1. Managing expectations – clearly set out what is expected from your employees and what they can expect to receive in return. This forms part of the psychological contract, which is closely linked to behaviours. Where employees feel their employer is keeping to the promises, positive behaviours will follow for example organisational commitment, increased job satisfaction and increased productivity. Where employees perceive that employers are breaking their promises employees can feel disengaged, dissatisfied and de-motivated.
2. Goal setting – Literature on goal setting suggests that goals should be difficult enough that they push the employee to perform at their best but not unrealistic that they are beyond their capability and in turn de-motivating. Goals should also be specific with clearly defined outputs and be measurable to ascertain whether they have been achieved or not.
3. Performance management – high performing employees want to stay with high performing organisations. A performance management culture is necessary to identify development needs to ensure they are performing at the required level. Employees who are appraised and who are given specific and objective feedback are less likely to be defensive if the feedback is negative.
4. Work-life balance – organisations are coming around to the idea that jobs are not just about the 9 to 5. Employees are increasingly seeking employers that offer flexibility in working hours and location. With the advancements in technology allowing for virtual teams and home working, work-life balance is becoming easier to achieve.
5. Reward – not all employees are motivated by financial incentives but the key is to ascertain what financial and non-financial reward programmes work for your organisation. Equity theory purports that employees expect rewards, which are in proportion to the amount of effort they put in. Thus it is not always the size of the reward but its relation to the work that has been done and whether it is perceived as fair.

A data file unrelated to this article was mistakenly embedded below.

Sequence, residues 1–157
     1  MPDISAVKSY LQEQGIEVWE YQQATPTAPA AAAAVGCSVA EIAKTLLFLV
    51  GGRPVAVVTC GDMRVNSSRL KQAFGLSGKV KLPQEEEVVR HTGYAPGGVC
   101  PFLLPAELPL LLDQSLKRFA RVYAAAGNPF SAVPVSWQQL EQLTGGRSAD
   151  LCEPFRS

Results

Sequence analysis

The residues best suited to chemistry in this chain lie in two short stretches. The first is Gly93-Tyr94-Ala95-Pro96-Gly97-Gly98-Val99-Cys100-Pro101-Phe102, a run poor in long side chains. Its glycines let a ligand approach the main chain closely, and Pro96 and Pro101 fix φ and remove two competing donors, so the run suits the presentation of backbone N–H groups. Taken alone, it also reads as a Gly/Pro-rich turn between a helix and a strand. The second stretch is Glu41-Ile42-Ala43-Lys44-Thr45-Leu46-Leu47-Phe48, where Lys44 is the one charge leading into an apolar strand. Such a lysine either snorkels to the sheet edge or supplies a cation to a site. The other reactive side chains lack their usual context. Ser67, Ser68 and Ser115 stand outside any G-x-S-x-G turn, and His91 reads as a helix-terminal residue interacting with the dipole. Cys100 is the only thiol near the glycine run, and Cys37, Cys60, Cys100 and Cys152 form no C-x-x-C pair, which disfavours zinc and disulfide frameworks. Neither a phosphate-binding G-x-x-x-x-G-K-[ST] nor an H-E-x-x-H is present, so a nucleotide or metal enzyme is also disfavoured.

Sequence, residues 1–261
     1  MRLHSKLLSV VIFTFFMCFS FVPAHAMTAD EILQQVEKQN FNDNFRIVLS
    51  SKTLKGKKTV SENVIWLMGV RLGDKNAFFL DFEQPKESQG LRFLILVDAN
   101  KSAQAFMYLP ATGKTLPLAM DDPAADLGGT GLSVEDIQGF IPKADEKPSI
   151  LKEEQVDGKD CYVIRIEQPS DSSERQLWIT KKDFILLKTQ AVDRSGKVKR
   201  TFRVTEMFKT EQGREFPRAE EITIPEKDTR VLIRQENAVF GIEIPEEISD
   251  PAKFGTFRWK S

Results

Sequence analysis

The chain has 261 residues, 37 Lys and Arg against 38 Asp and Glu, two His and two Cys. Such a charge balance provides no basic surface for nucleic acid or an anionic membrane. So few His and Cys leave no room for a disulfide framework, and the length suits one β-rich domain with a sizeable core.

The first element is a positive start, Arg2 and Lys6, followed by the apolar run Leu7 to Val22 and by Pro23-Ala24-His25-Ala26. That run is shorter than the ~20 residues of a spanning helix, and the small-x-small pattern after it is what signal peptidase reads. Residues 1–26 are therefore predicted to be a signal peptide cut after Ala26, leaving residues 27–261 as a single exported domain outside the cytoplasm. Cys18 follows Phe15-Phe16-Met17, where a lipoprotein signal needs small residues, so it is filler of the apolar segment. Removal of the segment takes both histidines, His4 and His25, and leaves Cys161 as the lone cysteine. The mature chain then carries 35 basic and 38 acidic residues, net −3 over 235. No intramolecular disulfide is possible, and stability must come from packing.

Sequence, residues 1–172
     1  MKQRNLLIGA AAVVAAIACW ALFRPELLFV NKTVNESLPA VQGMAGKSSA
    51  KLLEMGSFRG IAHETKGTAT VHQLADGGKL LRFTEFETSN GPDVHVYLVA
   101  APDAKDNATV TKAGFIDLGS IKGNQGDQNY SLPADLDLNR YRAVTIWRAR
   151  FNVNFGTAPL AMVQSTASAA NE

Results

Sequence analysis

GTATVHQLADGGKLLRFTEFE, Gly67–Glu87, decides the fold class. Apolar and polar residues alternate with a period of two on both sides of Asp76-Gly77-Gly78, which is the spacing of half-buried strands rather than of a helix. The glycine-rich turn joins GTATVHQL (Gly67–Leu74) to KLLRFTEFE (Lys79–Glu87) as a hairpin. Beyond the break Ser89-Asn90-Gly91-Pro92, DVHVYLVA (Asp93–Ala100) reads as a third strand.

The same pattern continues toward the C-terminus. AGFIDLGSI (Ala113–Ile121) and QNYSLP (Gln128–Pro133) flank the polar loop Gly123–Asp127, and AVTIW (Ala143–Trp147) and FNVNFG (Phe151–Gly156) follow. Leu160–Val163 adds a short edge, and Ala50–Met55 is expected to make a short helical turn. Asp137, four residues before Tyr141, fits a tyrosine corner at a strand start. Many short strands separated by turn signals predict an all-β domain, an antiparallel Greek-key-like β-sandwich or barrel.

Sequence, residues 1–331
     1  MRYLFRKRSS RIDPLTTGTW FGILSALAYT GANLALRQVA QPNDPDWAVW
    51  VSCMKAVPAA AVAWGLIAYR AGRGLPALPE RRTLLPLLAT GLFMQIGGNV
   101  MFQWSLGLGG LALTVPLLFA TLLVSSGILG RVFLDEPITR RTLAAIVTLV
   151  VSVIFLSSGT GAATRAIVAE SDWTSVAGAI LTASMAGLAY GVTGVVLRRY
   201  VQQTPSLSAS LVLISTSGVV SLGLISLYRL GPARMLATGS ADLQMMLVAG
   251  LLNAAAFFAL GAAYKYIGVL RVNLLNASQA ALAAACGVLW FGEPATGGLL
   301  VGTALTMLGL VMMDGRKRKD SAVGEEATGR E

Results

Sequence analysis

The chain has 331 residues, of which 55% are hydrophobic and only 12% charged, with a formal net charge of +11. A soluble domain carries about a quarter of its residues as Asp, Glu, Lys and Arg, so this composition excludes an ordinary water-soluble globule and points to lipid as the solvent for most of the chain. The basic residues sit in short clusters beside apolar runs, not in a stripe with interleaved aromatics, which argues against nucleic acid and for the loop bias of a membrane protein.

6. Justice and fairness –perceptions that managers treat their employees in an inconsistent fashion is directly linked to job dissatisfaction. Managers should be highly skilled in dealing with people and have a management style that is consistent for all employees.
7. Transparency of organisational values – organisations that are viewed as market leaders are often perceived as those with high integrity – those that have strong organisational values and are seen to walk the talk. Organisational leaders should be seen to practice the values, which they expect of all their employees.
8. Career development prospects – not all employees strive to become the next chief executive but for those that are looking to move up the career ladder, having transparent career development opportunities is critical to engagement. Those who do not perceive opportunities available to them will withdraw commitment and motivation and in most cases will seek opportunities at other organisations.
9. Training and development – training is not necessarily about career progression. Giving your employees the skills to do their jobs is key to engagement. Setting expectations or goals without providing the right tools and resources which equip them to meet these objectives are futile.
10. The employee voice – an employee satisfaction survey is just one of the ways of giving employees a voice within the organisation. Other methods are employee self-appraisals, key stakeholder groups representing different parts of the organisation or even committees. What these groups have in common is the identification of issues and the development of solutions. The key to engagement is to ensure the organisation is seen to adopt and implement the recommendations made - where possible.